Kauai Police Department is ahead of the trend with the use of body cameras for the case of protection and accountability. Access to the footage for ethical use in investigations can truly strengthen police accountability. Maintaining these technologies and among other expenses to increase the number of police officers on duty for the whole island at any given time should also be a priority for the county.
6. What specific steps would you take to strengthen Hawaii’s lax lobbying, ethics and financial disclosure laws?
Kauai County passed regulation to disclose lobbyist activities and I think this was the right decision. Also, the Kauai County Code of Ethics as managed by the County Board of Ethics outline the fines and fees related to any non-adherence to our county’s code of ethics. The aforementioned provisions should be sufficient to hold individuals accountable to an ethical standard.
The county also utilizes the OpenGov financial reporting system in their website to disclose publicly the financial reports of our county. These tools are sufficient tools for any citizen of our county to use for their own research. This tools in the hands of normal citizens can be better watchdogs and hopefully inspire the citizens to practice their skills through public discourse. Maybe this can also help us all to shape government as a collective rather than working in silos.
7. Would you support eliminating Hawaii’s high fees for access to public records when the request is in the public interest?
Yes, however only if the fee elimination coincides with the public records’ online access. Digital copies are much more environmentally friendly, portable, and easier to manage because it would not take much real estate in the county’s busy office and could make room for county personnel to build a work environment conducive to building culture and a bit more comfortable for workers who literally live in their offices. Furthermore, online access can easily be designed so that the county can track users’ activities of public records. With data insight to the citizens and business behavior in terms of public data use can help the county better understand the demand for record keeping.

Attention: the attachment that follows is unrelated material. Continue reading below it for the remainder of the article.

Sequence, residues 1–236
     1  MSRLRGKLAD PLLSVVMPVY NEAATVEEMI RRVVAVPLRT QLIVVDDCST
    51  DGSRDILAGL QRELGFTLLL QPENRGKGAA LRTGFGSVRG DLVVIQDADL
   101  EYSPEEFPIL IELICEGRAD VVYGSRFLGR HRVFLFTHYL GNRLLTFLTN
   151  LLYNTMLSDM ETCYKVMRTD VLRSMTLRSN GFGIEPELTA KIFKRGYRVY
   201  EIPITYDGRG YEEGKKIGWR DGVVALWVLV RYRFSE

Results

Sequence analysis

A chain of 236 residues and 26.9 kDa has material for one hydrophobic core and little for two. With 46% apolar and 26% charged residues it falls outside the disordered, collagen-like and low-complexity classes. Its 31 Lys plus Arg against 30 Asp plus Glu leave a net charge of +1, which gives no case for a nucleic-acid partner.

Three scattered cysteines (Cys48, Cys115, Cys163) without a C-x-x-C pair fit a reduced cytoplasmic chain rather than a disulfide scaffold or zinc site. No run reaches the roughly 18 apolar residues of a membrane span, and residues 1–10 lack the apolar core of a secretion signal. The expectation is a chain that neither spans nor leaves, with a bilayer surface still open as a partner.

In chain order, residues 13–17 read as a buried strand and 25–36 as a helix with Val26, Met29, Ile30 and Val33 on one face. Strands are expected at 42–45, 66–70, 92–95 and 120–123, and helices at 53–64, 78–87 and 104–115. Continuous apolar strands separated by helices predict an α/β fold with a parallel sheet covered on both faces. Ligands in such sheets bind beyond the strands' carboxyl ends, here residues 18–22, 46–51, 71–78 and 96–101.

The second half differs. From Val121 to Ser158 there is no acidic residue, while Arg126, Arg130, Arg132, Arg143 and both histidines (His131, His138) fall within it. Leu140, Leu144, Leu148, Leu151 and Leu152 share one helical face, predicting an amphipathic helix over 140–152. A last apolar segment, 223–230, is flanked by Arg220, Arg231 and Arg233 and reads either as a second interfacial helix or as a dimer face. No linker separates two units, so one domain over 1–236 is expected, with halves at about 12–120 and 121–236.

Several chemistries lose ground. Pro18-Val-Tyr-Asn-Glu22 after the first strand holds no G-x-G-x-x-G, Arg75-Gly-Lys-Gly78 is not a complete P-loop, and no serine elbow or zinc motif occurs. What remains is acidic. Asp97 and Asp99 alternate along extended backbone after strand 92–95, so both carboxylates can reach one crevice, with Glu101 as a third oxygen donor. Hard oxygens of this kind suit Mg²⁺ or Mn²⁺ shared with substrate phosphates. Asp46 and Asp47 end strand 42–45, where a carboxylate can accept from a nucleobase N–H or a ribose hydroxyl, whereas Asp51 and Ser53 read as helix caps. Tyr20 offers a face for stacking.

8. Voters complain their elected officials don’t listen to them. What would you do to improve communication?
I turn to Oracle’s White Papers to help illustrate my support of any technological development and use for communication with constituents. Technology is already demonstrating the power of connectivity and instantaneous communication from health care to social media. I think it benefits the majority if we could research, develop, and implement a technology that will allow federal, state, and county level governments to improve quality and efficiency of their communications. These technologies could be very similar to the private sector for customer service — I believe deeply that government should be implementing the CEX and EEX (Client Experience and Employee Experience) indexes to measure its success. In a world where hyper-technology rules most of communications, for the modern resident, we must enable them to speak in their terms — technology. The significant majority of individuals complaining that their government does not listen to them are the very ones who probably gave up listening, reading, researching, and voting.
9. What more should Kauai County be doing to prepare for the effects of climate change, including sea level rise and threats to the reefs?
The most current and engaged department in this topic would be the planning department. They are currently working on a community assessment plan and their approach is to engage the community members who live and work in the communities affected by potential sea-level rise. The county should do more through public education and key stakeholder engagement. The department can’t do this alone and needs the whole county on-board. Some very important feedback that they must receive are key concerns of community members in West Kauai, for example their wish to preserve cultural aspects of their town and affordable housing.
The general plan puts into play the blueprint for more town core or town centers. It is imperative that the community members in the affected areas should be engaged in the discussions, especially when major decisions are made for them and their children. The county can do better in educating the public in climate issues and modeling the way for the leaders of the county to move towards sustainability. Maybe taking the example of leadership in the local utilities cooperative, KIUC. Setting goals as lofty as 100 percent recycling by 2020. I believe initiatives such as these are aligned with the current state and federal government objectives.
10. What do you see as the most pressing issue facing your district? What will you do about it?
Kauai is not districted and therefore I have a hard time answering this question. If I were to interpret this question in the county level, then I can better reply that the most pressing issue facing my county today is fiscal responsibility of spending less than we earn (and spending what we must so we don’t lose the funding), meeting the emerging needs of our community through infrastructure and housing, and lastly economic sustainability (job creation and talent retention).
I’d like to be known for bridging opportunities with the right people who can execute the solutions to our issues — doing so with integrity and without covert agenda. Today, the issues we must address — and plans we must execute — are mostly written in our community general plan.
Ahead of us are a series of community planning sessions to address the needs for West Kauai. This task needs everyone’s hands. I come with a fresh slate of untainted politicking, safe relationships with fellow politicians, and the advantage of longevity, which is an opportunity to build a future with you. Thank you for the continued support and for your votes this primary election.